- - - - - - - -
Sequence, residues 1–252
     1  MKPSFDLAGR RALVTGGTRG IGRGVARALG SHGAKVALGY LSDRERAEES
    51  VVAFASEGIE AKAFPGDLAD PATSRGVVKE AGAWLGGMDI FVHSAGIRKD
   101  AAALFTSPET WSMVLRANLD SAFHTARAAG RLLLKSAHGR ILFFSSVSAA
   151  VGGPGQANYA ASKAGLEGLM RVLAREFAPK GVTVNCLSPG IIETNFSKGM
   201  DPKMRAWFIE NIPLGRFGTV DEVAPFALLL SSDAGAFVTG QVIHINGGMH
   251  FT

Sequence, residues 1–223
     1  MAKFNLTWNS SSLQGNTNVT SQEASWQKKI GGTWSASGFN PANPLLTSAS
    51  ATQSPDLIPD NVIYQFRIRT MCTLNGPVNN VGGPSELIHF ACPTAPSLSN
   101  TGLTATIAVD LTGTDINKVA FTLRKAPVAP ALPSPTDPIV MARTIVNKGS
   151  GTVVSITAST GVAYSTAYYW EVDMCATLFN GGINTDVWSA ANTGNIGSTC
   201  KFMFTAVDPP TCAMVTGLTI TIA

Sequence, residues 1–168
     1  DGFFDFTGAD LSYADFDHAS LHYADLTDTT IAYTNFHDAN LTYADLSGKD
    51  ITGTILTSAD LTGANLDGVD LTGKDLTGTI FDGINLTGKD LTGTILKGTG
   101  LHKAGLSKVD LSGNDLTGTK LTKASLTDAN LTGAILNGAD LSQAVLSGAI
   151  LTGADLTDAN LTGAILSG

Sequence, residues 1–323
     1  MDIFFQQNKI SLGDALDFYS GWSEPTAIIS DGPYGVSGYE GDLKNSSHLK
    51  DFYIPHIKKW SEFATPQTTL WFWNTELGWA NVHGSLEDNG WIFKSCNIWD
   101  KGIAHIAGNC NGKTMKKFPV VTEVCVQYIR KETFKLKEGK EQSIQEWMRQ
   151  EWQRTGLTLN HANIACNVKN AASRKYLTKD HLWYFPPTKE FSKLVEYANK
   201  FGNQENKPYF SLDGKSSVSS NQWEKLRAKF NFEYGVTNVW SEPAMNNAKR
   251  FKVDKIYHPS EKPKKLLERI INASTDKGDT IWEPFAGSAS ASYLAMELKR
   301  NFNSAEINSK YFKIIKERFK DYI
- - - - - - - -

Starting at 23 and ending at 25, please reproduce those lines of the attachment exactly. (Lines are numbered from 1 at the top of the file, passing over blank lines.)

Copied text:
   151  EWQRTGLTLN HANIACNVKN AASRKYLTKD HLWYFPPTKE FSKLVEYANK
   201  FGNQENKPYF SLDGKSSVSS NQWEKLRAKF NFEYGVTNVW SEPAMNNAKR
   251  FKVDKIYHPS EKPKKLLERI INASTDKGDT IWEPFAGSAS ASYLAMELKR